Young mother-of-two Freya Turnbull-Holmes is still in shock after receiving an impressive 95 ATAR.
The 20-year-old Wollongong TAFE student achieved the grade studying for the Tertiary Preparation Certificate (TPC) last year.
After struggling at high school, she said the freedom and flexibility of TAFE enabled her to be more responsible for her education without affecting her family life.
‘’I was still able to look after my children, have my house clean. We went on play dates and that was all during TPC,’’ she said.
Ms Turnbull-Holmes had been expecting a good mark, but said she ‘’practically fainted’’ with surprise after seeing the band six equivalent score.
TAFE NSW describes the TPC as a Year 12 equivalent with a focus on research and study skills alongside discipline-specific content.
The qualification is an alternate path for students applying for university placements through the Universities Admission Centre.
Cary Buecher, head teacher at TAFE Illawarra’s Wollongong campus said the course was designed to prepare students specifically for university by ‘’developing students to become independent learners’’.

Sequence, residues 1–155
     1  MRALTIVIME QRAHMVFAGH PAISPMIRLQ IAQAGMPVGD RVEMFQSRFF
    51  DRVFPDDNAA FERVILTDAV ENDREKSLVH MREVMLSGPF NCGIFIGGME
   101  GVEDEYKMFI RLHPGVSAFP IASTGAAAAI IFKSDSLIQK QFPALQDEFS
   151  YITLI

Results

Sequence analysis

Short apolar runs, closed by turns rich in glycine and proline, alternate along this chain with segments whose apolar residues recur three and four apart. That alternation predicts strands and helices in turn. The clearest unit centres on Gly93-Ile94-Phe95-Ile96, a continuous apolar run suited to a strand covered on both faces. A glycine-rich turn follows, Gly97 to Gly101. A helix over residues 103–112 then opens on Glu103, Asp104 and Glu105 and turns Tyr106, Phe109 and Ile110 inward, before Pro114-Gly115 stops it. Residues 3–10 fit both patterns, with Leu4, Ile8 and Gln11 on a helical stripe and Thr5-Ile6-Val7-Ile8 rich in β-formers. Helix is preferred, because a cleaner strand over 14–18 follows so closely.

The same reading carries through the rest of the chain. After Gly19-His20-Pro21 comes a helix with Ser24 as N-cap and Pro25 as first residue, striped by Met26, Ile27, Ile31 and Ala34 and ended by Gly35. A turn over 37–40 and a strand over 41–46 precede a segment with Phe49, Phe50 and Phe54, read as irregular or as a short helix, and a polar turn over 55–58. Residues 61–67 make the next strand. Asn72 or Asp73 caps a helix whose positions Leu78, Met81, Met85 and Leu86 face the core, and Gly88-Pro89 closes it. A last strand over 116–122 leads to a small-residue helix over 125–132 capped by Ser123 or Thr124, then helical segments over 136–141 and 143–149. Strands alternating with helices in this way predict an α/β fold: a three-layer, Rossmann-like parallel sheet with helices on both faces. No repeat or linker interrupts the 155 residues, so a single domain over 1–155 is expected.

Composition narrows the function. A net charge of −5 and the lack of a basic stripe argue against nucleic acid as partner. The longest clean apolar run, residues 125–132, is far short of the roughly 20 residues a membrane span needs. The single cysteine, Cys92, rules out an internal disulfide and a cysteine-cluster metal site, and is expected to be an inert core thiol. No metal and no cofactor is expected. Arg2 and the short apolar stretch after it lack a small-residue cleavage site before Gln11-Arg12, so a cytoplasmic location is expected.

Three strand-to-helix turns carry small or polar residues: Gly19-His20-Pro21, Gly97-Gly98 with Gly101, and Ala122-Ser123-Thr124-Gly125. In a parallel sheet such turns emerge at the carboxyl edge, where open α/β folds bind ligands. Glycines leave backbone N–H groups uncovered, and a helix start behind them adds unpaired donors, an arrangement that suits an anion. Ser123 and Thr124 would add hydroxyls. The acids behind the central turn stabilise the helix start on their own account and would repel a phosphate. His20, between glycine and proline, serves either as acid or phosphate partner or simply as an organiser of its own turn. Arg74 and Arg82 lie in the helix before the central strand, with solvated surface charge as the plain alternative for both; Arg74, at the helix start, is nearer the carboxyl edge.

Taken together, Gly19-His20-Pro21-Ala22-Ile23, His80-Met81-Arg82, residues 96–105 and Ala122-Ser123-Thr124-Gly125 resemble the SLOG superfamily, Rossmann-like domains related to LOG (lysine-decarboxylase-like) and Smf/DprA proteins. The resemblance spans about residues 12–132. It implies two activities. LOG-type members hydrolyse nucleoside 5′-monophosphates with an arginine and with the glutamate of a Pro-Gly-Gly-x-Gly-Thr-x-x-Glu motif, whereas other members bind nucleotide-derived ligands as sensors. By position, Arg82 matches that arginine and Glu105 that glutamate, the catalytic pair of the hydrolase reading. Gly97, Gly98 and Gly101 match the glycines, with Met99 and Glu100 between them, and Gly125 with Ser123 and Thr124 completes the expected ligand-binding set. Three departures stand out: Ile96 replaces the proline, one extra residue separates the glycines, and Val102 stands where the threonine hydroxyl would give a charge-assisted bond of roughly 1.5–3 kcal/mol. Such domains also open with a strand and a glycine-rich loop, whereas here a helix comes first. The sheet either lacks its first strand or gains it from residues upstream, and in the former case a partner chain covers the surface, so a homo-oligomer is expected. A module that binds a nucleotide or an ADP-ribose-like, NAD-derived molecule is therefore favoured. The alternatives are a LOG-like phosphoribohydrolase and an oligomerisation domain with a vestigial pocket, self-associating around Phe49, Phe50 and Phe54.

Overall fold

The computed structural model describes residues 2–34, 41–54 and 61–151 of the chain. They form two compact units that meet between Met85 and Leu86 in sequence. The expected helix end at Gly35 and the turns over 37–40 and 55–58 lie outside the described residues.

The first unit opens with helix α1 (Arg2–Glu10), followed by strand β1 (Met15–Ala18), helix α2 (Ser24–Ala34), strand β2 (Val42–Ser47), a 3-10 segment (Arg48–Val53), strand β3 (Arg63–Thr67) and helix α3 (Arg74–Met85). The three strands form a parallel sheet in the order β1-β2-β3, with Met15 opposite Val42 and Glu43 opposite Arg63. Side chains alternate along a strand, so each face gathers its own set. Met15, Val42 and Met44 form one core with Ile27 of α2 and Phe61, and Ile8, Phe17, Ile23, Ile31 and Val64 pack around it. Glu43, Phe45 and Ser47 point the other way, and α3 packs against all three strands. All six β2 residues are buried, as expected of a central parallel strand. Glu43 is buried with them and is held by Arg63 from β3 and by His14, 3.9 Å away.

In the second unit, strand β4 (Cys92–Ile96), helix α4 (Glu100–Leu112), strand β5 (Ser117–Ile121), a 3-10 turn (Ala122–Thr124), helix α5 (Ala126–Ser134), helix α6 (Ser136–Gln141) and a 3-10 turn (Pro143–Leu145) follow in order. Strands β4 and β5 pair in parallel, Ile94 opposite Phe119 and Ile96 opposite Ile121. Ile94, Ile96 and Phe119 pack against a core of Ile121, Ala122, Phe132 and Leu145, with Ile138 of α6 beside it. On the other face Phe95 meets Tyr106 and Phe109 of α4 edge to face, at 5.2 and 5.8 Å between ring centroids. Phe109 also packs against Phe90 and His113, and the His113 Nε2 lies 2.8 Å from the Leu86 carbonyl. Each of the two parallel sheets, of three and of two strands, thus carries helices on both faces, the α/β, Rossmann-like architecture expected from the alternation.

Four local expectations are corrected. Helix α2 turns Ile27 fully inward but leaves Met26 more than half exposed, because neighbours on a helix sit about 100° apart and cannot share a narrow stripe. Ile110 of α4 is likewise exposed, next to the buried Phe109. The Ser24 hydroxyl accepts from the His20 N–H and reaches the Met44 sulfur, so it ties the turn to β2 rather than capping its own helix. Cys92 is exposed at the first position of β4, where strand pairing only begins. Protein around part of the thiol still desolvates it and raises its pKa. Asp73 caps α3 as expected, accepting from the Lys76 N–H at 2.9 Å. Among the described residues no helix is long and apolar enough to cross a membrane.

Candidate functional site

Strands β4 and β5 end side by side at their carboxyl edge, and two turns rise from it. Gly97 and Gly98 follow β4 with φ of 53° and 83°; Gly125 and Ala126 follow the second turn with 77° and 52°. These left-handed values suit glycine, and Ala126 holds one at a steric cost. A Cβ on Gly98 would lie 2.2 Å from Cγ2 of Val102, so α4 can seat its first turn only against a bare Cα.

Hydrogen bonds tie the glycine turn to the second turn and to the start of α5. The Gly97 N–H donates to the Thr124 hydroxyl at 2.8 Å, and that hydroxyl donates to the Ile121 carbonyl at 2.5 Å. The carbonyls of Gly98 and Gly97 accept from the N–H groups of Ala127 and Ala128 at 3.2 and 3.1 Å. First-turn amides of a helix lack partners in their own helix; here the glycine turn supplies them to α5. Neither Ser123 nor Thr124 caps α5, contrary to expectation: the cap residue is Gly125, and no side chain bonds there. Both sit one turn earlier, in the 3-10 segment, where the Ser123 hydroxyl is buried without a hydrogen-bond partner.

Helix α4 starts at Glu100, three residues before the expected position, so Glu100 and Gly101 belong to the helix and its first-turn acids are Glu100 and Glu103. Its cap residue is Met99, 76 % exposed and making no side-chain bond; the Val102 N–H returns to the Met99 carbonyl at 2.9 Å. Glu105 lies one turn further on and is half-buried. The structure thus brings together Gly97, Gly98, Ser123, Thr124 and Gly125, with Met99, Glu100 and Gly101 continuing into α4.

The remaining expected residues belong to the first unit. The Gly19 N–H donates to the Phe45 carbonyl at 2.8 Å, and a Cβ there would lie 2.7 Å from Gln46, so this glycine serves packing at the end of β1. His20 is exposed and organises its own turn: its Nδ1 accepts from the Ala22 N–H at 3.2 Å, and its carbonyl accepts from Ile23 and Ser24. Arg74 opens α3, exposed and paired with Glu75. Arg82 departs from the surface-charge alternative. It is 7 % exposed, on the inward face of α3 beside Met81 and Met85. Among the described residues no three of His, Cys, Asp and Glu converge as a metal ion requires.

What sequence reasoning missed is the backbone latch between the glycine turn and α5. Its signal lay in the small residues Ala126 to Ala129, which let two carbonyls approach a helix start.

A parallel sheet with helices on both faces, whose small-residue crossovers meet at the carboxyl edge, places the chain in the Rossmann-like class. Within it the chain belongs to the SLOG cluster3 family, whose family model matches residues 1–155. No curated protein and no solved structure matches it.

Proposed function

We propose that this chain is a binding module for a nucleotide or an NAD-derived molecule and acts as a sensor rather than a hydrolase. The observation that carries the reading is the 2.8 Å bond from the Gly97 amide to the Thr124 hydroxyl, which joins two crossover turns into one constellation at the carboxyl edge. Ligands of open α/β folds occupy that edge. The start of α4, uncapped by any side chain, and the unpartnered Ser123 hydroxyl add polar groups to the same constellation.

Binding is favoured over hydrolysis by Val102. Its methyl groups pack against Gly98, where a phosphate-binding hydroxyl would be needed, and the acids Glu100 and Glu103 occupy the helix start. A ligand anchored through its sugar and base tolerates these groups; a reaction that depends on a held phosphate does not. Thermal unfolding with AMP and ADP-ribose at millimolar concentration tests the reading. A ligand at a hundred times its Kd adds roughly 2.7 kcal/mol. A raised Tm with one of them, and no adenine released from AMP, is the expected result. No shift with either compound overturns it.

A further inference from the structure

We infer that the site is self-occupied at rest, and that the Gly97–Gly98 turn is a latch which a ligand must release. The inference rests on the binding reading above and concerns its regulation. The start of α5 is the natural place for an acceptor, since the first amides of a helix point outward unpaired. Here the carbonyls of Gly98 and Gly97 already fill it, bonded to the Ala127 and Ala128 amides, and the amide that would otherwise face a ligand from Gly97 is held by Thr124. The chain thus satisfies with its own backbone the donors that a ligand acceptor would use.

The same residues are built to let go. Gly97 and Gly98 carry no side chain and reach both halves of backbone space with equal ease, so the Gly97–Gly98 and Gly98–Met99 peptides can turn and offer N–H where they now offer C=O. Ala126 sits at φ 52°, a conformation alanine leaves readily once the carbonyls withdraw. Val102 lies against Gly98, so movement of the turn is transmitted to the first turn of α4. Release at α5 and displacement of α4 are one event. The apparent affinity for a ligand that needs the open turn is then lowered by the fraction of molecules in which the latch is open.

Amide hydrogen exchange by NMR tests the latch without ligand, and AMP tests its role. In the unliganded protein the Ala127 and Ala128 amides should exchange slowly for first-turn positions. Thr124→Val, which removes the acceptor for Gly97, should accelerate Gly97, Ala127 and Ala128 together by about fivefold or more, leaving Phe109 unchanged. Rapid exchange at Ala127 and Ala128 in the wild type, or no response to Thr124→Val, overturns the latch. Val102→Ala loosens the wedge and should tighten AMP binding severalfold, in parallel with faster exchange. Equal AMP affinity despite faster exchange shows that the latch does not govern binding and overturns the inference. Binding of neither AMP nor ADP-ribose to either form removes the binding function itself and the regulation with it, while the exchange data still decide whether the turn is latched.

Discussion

Mr Buecher said students valued the range of support services and the mature learning environment.
‘’It’s a more relaxed environment. The students come along, they’re keen to learn generally, so it’s just a nice environment to be in and the students feel supported,’’ he said.
Ms Turnbull-Holmes said the TAFE day care provided excellent support for her daughters, three-year-old Kairi and one-year-old Rois.
‘’The rest of it was little sleep and trying to get in every inch of study I could, which didn't always happen much,’’ she said. Her partner and family were also ‘’ridiculously helpful’’.
A strong advocate for TAFE, Ms Turnbull-Holmes said the HSC was often ‘’just too much pressure for so many people’’.
She advised students struggling with the HSC to look at options like the TPC.
Beginning her Bachelor of Pre-Medicine, Science and Health this year, Ms Turnbull-Holmes hopes to continue her family’s involvement in the field of medicine.
‘’Now she’s at the next step it doesn’t get easier,’’ Mr Buecher said. ‘’It’s a big slog, but I think she’ll enjoy it.’’